Exchanges in the media
As part of its efforts to rebuild after the 2011 civil war, Libya is focusing on increasing education and training opportunities by sending students abroad, ICEF Monitor reports.
Earlier this year, Libyan Deputy Minister of Education Bahin Eshetiwi announced Libya’s plan to address the shortcomings of the Libyan education system. A brief by World Education Services on the announcement highlighted the main initiatives of the Libyan reform:
As study abroad programs become more popular and significantly more diverse in terms of their location and participants, new positions are being created to allow institutions to better prepare for and respond to emergencies such as health and safety issues, political unrest or natural disasters, Inside Higher Ed reports.
A loss of cultural and educational exchanges is an often-overlooked consequence of the political turmoil in Egypt, writes Tara Sonenshine, former Under Secretary of State for Public Diplomacy and Public Affairs, in a recent Al-Ahram Weekly article.
Iran is increasing its efforts to attract more international students to study at its universities, according to a recent article by the Tehran Times.
While there are currently 14,000 international students studying across Iran, the country’s Fifth Five Year Plan plans to increase this number; the plan “envisages the enrollment of 25,000 foreign students at Iranian universities,” between 2010 and 2015.
In response to an increased international demand for U.S. summer camps, many universities and school districts across the U.S. are “developing home-grown summer enrichment programs,” which target the rising middle class in countries such as China who “can send their children to experience American life – and possibly set the stage for going to college in the USA,” USA Today reports.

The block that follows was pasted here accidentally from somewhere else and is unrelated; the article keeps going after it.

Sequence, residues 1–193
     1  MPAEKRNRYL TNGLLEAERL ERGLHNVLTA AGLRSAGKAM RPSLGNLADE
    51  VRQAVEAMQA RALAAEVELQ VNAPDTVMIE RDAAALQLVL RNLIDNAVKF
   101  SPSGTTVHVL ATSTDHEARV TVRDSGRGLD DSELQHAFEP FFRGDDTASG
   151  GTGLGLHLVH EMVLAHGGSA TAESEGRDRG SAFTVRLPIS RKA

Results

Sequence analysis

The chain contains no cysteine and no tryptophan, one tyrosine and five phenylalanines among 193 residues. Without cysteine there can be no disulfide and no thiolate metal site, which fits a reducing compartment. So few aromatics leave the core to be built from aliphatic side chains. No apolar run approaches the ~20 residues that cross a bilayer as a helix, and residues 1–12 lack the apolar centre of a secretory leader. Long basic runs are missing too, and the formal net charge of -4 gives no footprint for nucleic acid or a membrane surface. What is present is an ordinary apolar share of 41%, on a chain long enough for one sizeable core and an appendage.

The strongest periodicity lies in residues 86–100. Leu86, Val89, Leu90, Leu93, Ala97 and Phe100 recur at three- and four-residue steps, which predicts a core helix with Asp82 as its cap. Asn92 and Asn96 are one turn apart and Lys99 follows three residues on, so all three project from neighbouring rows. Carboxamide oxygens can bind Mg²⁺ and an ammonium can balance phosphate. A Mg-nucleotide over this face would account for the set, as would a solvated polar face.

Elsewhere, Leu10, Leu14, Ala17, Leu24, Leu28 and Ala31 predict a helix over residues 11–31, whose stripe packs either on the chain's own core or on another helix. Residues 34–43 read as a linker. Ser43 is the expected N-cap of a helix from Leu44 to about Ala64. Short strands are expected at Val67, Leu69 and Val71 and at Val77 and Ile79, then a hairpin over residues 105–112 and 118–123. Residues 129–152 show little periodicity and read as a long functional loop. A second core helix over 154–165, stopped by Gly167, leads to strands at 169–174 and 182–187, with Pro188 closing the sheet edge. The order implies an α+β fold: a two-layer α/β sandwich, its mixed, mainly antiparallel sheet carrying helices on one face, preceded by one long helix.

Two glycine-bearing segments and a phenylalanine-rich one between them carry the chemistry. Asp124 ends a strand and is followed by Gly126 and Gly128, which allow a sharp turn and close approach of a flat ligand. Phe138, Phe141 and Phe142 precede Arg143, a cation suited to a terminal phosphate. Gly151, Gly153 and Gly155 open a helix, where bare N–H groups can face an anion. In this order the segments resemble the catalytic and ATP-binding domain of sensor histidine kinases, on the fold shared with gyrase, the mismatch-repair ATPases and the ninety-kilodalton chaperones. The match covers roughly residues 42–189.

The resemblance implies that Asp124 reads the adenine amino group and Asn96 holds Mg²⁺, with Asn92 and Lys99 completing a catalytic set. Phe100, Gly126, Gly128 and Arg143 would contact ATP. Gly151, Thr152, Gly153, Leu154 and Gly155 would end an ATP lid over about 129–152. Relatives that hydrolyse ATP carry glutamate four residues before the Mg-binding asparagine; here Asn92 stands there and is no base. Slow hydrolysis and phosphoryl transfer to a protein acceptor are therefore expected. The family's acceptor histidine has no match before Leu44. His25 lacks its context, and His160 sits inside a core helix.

After a travel warning issued by the U.S. Department of State urged “U.S. citizens to defer travel to Egypt” and instructed “U.S. citizens living in Egypt to depart…because of the continuing political and social unrest,” many public and private programs, including university study abroad groups, have decided to evacuate their participants from Egypt. Below is a list of articles detailing the evacuation of international exchange participants:
Many Chinese students who study abroad in the U.S. use the experience to explore personal freedoms, unlike their predecessors who pursued political freedoms, The Atlantic reports.
The rate of graduation for international students “[has] a marked impact on estimated graduation rates” and can mask the actual graduation rates within a country, a recent University World News articles states, citing the findings from the recent OECD Education at a Glance report.
The level of higher education exchanges between the U.S. and Latin America has been increasing, marking a “strategic priority for the United States,” a recent blog post on the Chronicle of Higher Education website writes, noting that these exchanges are “mutually beneficial” for all nations involved.
More U.S. colleges and universities are helping finance study abroad experiences for low-income students, a trend that has increased the U.S. study abroad rate, the Chronicle of Higher Education reports.